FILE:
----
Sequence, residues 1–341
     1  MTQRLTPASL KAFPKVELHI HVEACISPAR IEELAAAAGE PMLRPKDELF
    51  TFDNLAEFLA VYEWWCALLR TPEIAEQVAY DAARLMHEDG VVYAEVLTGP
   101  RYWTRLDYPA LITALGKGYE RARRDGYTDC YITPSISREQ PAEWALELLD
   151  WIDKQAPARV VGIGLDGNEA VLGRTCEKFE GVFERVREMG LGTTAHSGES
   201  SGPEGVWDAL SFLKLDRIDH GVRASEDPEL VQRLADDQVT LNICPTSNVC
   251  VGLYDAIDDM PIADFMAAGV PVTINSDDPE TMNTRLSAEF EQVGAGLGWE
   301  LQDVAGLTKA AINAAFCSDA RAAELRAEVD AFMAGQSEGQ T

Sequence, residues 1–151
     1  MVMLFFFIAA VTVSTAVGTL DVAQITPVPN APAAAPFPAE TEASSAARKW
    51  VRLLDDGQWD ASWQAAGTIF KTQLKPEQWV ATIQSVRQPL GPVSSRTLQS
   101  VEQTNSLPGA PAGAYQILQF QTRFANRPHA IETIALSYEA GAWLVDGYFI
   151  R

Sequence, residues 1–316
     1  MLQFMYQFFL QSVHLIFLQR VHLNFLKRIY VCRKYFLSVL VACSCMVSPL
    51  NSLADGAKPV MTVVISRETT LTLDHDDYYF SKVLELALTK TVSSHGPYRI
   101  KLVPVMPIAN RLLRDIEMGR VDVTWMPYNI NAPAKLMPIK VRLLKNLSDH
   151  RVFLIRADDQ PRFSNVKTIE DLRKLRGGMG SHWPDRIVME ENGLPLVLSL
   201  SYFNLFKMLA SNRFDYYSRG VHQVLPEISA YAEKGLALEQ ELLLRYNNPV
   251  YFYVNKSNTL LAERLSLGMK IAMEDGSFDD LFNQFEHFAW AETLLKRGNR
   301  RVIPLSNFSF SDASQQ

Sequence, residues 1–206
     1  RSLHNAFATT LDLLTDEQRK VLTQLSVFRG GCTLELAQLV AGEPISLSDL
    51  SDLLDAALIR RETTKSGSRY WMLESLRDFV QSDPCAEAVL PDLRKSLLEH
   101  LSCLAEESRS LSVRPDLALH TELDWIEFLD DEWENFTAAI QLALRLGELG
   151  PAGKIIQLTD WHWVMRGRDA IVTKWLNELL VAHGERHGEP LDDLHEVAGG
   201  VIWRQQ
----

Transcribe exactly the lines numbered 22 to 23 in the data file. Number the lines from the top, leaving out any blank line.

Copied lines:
Sequence, residues 1–206
     1  RSLHNAFATT LDLLTDEQRK VLTQLSVFRG GCTLELAQLV AGEPISLSDL